My MS is no worse nor better than anyone else’s MS because regardless of the type it is still MS and it is rubbish. Not only does it bring with it a whole host of symptoms it is a “hidden” ailment so you can find yourself having to explain it many times to folk.
    The last thing we need is a competition among ourselves for chief of the symptoms. It’s hard enough to have it and be a posterchild for it at every cut and turn. And if I have to explain how it is nothing to do with ME again…its enough learning about MS without needing a passive knowledge of ME too.

  • Lgray
    12 months ago

    Hey Calie
    I’ve been suffering from the opposite problem lately!
    I’m on an MS site with other MSers… And I answer questions, ask questions and generally try to let people know some of the weird things I go through.
    Almost all the responses I get are like… “I never heard of that. ” or “that’s nothing I’ve ever seen” or
    “that’s something else. Are you sure you’re talking about Multiple Sclerosis?! ”
    I still, to this day, feel the heaviness of other people’s doubt.
    It really sucks when I’m advised by other MSers that the key is exercise and diet or that I just need to get out more.
    You know… All those things you shouldn’t say to someone with a chronic disease!

  • Annie
    12 months ago

    You found the words to say so well what I feel all the time. Thank you for writing this. It felt really good to read this. I felt like I was not alone on this island I live on.

  • ymlima
    12 months ago

    Bravo Calie! You put all those feelings so many of us have into such eloquent words. Be well. Be safe.

  • sheri1965
    12 months ago

    I joined this group to hear about others experiences but every time I get a comment, I have to pass on reading it. I just can’t handle the long drawn out crying and list of misery. My mother passed away a couple of years ago with severe secondary progressive ms. My older sister is currently battling rapidly deteriorating function and progressive ms. So my 21 years of mild ms symptoms seem ridiculous to even discuss so I don’t. Why don’t we talk about and compare medication regime and how well it has worked. Exchange positive suggestions on really good equipment and therapies? I have been a Home Health nurse in Texas since before my diagnosis and have taken care of many ms clients. Some medical and much with in home programs for custodial type help. What Medicare doesn’t cover. I think we all are plenty familiar with symptoms and struggles. They are all similar. Let’s offer productive conversation rather than rehashing the same pity party all the time. It’s not healthy.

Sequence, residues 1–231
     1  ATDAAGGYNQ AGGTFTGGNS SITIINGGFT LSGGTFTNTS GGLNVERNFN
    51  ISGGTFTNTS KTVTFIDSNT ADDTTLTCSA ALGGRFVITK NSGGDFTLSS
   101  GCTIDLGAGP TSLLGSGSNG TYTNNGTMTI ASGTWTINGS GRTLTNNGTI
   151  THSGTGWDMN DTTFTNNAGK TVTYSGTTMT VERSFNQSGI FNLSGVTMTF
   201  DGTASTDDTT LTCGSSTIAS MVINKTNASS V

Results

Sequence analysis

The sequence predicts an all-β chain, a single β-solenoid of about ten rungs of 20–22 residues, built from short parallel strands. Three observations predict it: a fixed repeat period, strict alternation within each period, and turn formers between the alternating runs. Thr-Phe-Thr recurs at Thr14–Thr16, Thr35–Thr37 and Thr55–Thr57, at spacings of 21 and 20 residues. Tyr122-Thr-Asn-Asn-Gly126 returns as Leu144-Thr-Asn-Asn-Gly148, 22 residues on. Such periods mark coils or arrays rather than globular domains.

• maggydoots
    12 months ago

    Amen, sister! ❤❤❤

  • flyinglow
    12 months ago

    Humans are so competitive- even when weare unwell!
    There are nice people with MS and unpleasant people with MS, just like every single type of person I am afraid. If someone is unhelpful and negative, ignore them and dont reply. Connect with the people whos attitude seems open. Life is too short to waste on hoping that everybody is nice!

  • Jdenkinger
    12 months ago

    I so totally agree! I also have had MS about 14 years but find from reading or hearing others stories… I have it lucky. But that doesn’t make my journey any less difficult. I have 1 really bad flare once every 4 years or so. But mostly my day to day is uneffected.

    I do agree with you though, regardless we all need to be there for each other.

  • Harleydog1
    12 months ago

    Sounds good to me

  • Jain
    12 months ago

    Hello , Cailie. I’m very sorry to hear that you have to experience that. I absolutely agree with you , MS shouldn’t imply any competition between us, but in the opposite ,it should raise awareness and mutual support.
    Stay strong and remember that opening up about it is a good , healthy thing.
    Take a good care of yourself.

  • Alina Ahsan moderator
    12 months ago

    Thanks for such kind, supportive words, Jain! Our community here at does a great job of uplifting each other – thanks for being a part of it 🙂
    -Alina, Team Member